Client Testimonials: Why They’re Important and Tips for Collecting Them

Use past clients to testify to your results and professionalism.


Dan Marticio

2 years ago | 4 min read

You read Amazon reviews before making a purchase. Yelp ratings help you choose a restaurant. You may ask your friends and family which mechanic they use.

People look to other people’s experiences before making a decision. Similarly, client testimonials tell prospective clients what it’s like working with you. Business owners and editors look to what others have to say before deciding on a freelance writer.

This article offers a deep dive into client testimonials: what are they, why they’re important and how to collect them.

What’s inside.

What Is a Client Testimonial?

A testimonial is a statement made, on the record, by a client about working with you. It can be either written or video. For freelance writers, it’s typically written.

Why Are Client Testimonials Important for Freelance Writers?

Client testimonials offer valuable social proof of (a) what it’s like to work with you and/or (b) the results you’ve delivered. They also carry more weight than self-directed assertions.

Which sounds more convincing?

A freelance writer who calls themselves “the best writer in the industry”? Or the director of content marketing telling you “this writer understands our brand voice, delivers on-the-mark content and always meets deadlines”?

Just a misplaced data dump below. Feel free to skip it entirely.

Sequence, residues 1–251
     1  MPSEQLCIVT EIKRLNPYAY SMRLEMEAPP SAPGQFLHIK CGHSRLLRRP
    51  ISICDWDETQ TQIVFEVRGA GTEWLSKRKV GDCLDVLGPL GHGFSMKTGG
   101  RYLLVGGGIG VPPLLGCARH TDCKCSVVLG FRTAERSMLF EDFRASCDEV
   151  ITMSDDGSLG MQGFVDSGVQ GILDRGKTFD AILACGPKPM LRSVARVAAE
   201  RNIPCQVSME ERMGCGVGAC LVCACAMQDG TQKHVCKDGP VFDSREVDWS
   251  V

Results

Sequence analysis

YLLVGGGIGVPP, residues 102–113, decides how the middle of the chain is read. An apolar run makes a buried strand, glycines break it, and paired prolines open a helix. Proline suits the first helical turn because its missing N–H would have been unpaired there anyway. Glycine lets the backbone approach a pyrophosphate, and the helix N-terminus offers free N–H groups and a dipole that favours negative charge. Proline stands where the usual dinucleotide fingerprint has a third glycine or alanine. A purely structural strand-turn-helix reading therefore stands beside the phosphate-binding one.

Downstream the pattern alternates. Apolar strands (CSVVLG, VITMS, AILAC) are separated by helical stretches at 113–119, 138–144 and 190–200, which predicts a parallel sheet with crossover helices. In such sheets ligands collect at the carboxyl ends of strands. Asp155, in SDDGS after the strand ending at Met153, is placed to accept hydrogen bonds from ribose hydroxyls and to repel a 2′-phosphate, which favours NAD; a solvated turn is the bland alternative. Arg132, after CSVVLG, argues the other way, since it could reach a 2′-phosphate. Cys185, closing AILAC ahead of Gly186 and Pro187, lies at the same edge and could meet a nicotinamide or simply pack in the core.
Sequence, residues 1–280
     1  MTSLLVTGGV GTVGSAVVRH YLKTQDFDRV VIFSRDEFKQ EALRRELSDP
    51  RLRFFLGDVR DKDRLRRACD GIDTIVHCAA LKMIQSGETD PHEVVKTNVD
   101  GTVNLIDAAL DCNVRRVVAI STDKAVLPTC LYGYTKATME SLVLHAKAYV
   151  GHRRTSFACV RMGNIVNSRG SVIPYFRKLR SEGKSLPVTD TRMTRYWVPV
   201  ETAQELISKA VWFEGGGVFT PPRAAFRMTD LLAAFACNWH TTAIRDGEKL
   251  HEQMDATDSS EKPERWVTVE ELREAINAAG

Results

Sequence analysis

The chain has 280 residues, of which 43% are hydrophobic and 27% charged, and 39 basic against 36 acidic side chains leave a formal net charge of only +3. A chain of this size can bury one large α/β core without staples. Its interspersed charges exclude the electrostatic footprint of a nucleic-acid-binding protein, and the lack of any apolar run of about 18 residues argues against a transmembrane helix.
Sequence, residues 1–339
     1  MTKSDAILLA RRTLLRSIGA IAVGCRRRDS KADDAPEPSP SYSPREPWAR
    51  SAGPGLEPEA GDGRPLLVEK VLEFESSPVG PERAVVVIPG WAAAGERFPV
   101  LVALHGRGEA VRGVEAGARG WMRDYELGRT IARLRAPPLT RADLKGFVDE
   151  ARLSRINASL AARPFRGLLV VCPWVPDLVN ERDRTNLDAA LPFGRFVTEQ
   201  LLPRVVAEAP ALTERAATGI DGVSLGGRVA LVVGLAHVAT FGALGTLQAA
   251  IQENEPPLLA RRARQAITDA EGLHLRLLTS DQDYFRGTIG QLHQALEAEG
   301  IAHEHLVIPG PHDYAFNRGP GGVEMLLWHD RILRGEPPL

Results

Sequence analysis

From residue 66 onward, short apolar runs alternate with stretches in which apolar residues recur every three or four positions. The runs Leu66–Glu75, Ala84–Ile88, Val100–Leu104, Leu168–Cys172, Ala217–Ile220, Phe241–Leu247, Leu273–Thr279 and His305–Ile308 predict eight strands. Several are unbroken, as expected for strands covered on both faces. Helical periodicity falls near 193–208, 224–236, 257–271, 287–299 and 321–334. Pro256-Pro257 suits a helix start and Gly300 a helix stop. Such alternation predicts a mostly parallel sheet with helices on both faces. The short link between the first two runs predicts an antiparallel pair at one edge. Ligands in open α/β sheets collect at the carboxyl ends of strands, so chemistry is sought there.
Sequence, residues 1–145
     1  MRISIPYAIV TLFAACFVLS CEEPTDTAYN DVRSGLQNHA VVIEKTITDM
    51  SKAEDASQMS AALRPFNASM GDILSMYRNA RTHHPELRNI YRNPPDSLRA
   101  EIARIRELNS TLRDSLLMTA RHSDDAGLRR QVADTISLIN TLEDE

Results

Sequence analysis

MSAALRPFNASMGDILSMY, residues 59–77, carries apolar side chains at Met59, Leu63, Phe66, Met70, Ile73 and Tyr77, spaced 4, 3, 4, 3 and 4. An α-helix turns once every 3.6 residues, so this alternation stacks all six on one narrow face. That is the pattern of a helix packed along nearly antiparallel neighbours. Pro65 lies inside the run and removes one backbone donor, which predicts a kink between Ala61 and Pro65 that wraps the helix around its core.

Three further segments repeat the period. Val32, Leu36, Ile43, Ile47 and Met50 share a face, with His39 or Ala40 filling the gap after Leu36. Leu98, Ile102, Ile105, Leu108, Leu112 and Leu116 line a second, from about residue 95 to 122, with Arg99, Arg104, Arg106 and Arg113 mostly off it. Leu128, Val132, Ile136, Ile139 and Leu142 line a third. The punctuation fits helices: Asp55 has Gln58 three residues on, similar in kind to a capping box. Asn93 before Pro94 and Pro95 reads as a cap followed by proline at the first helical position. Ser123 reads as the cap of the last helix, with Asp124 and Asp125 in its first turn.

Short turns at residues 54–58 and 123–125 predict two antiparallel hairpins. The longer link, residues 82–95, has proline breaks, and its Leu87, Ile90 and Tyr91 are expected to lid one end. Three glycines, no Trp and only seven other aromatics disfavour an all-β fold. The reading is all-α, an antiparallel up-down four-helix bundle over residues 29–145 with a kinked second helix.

If you’re off-put by self-promotion, then testimonials are a happy compromise. Testimonials let your clients confirm your work ethic and results for you!

Bonus: As you build more experience and compile more social proof, you can eventually raise your freelance writing rates.

Tips for Collecting Client Testimonials

Ready to sprinkle your freelance writer website and portfolio with compelling testimonials? Here are a few tips:

Ask for it.

Unless you ask, the answer is always no. In the beginning, I often let shyness or embarrassment stop me from asking — what if they didn’t like me, but they’re just being nice? Stop giving yourself an automatic no. Let your client decide.

If you’ve worked with a past client and it was a success, send them an email. Explain you’re trying to boost your marketing efforts and you’d like a testimonial testifying your work. Here is a real email I used to ask a ghostwriting client:

If you’re willing, may I request a recommendation/testimonial via Linkedin? I would also post that testimonial on my website.

I know that my articles are ghostwritten, so I understand if you can’t accommodate this request. Feel free to get back to me when you can and whether you can (or won’t be able to) help me with this.

Use LinkedIn Recommendations.

Did you know LinkedIn has a built-in feature for testimonials? It’s called LinkedIn recommendations:

If you’re asking for a testimonial, consider sending a request through LinkedIn. Many decision-makers are already on LinkedIn and will likely check out your profile. Also, recommendations can double as a testimonial on LinkedIn and your website. (Two birds, one stone!)